What Is SEC Form NT 10-Q?
SEC Form NT 10-Q is a Securities and Exchange Commission (SEC) filing required for companies that will not be able to submit their 10-Q filing (for quarterly financial results) by the SEC deadline or in a timely manner. Mandated by SEC rule 12b-25, Form NT 10-Q requires the registrant's information and explanation of the reason for why the 10-Q is delayed. The form also allows companies to apply for relief from the deadline.
- SEC Form NT 10-Q is a required notification of a firm's inability to file Form 10-Q or 10-QSB in a timely manner.
- Form 10-Q is, in turn, a comprehensive report of a company's performance that must be submitted quarterly by all public companies to the SEC.
- Investors and analysts may take note of a company's late filings as a red flag warning about underlying accounting issues or poor financial management.
Understanding SEC Form NT 10-Q
SEC Form NT 10-Q is required to be filed within 45 days following the end of each of a company's first three fiscal quarters. If the 10-Q cannot be filed in a timely manner, the company must file a Form 10-QT with the commission.
A very common reason for an NT 10-Q is a merger or acquisition, which prevents results from being incorporated in time for the filing. The SEC provides for "unreasonable effort and expense," with a suitable explanation, as part of the application for relief. Late filings may also be because of uncertainty surrounding litigation, due to a company’s auditor not having yet completed its review of the company’s operations, a sign of a company in financial distress, or because a company emerging from bankruptcy needs more time to complete the required disclosures.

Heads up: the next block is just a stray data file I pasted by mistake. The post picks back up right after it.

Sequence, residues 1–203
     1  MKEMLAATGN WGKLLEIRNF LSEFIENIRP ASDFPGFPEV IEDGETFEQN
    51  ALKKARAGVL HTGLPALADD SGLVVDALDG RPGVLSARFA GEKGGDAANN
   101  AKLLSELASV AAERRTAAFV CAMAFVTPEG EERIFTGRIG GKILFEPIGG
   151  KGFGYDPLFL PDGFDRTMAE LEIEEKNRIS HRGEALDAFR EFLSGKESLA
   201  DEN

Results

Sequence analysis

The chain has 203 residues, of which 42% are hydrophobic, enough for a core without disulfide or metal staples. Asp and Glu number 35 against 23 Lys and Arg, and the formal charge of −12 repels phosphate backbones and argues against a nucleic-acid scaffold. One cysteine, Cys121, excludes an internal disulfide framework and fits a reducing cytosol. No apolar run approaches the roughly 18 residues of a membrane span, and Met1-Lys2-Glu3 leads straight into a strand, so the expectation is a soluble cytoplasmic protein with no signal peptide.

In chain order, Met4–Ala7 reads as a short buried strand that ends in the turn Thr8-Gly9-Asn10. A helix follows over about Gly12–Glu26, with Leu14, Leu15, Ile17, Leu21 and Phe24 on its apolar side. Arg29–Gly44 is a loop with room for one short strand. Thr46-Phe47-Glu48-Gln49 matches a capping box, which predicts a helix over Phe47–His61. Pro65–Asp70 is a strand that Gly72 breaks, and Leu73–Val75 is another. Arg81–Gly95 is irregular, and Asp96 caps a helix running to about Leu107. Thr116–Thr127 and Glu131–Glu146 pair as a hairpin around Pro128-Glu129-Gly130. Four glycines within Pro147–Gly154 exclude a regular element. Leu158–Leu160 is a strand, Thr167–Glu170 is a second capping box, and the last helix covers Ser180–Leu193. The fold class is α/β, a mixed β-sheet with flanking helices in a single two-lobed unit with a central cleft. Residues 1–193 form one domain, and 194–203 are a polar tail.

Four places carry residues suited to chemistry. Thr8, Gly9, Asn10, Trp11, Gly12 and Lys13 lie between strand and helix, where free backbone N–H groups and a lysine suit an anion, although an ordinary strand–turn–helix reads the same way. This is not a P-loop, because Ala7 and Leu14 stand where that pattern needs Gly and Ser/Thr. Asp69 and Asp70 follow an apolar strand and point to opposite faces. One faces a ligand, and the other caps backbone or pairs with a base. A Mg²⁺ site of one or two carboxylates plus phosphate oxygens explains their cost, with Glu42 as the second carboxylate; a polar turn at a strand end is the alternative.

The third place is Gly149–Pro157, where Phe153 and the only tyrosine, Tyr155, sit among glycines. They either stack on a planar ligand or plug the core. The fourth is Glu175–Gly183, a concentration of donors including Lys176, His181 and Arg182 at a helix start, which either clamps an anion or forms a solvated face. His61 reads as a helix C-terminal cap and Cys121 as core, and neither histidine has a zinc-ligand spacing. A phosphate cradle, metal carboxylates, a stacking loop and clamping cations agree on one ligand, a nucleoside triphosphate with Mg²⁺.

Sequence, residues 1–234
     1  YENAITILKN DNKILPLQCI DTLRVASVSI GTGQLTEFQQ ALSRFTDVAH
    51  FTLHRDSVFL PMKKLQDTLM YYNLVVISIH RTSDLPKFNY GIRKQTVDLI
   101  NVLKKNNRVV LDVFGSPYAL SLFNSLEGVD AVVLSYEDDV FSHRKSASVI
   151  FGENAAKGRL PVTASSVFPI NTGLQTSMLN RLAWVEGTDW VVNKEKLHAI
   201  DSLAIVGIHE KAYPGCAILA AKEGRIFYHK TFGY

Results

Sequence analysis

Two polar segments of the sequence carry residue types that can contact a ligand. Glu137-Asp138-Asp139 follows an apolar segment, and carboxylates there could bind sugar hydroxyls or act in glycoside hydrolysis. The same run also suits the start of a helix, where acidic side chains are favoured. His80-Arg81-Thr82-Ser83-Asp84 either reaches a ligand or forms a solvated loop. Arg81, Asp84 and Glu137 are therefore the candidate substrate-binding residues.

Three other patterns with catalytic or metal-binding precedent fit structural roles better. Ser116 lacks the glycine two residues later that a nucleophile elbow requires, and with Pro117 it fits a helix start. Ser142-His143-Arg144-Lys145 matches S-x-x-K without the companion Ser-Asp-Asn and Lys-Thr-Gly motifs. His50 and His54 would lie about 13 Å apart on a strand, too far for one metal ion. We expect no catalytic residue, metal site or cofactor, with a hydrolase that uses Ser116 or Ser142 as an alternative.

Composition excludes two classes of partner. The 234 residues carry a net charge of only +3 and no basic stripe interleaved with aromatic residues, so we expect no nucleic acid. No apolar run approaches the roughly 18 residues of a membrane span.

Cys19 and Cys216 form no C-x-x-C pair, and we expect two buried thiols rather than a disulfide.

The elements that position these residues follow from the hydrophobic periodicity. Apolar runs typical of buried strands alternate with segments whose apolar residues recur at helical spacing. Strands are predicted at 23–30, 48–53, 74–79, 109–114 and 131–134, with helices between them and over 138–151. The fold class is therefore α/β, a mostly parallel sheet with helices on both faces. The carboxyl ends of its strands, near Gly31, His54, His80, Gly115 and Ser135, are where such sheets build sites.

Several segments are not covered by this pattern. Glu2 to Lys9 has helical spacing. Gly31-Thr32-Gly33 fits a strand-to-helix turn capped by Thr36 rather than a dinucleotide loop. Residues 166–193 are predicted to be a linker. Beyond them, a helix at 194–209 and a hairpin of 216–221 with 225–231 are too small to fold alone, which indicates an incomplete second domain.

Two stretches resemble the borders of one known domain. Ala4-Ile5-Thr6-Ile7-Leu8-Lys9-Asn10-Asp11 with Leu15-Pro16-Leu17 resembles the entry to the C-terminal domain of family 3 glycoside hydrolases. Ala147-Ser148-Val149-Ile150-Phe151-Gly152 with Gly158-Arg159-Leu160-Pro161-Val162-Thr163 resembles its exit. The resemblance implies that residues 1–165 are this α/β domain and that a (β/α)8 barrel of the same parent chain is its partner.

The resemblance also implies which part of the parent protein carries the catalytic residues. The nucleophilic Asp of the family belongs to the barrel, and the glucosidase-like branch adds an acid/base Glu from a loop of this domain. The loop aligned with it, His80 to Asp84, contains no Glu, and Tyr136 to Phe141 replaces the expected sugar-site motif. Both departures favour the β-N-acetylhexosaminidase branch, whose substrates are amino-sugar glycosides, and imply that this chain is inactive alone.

The Market Impact of Form NT 10-Q Filings
Late financial report filings, whether of 10-Qs or other documents, especially 10-Ks, can be red flags to analysts following a company, as well as its regulators, investors, and lenders. While the reasons vary, companies who list accounting issues or unexpected changes in accounting or auditor firms (particularly if these involve disagreements over accounting principles or resignations of auditors) as the reason for the delay typically face much more scrutiny of their late filings.
A study conducted by professors Eli Bartov, of New York University’s Stern Business School, and Yaniv Konchitchki, of the University of California at Berkeley, and published in December 2017, looked at financial market reactions to companies with late filings. The authors found several impacts including that “(a) delayed quarterly filings have distinctly different effects on firm value than do delayed annual filings, (b) investors do not accept at face value management assertions about the expected filing date, (c) accounting problems play a unique role in communicating the seriousness of the delay, and (d) delayed announcements tend to be followed by continued poor operating and stock price performance.”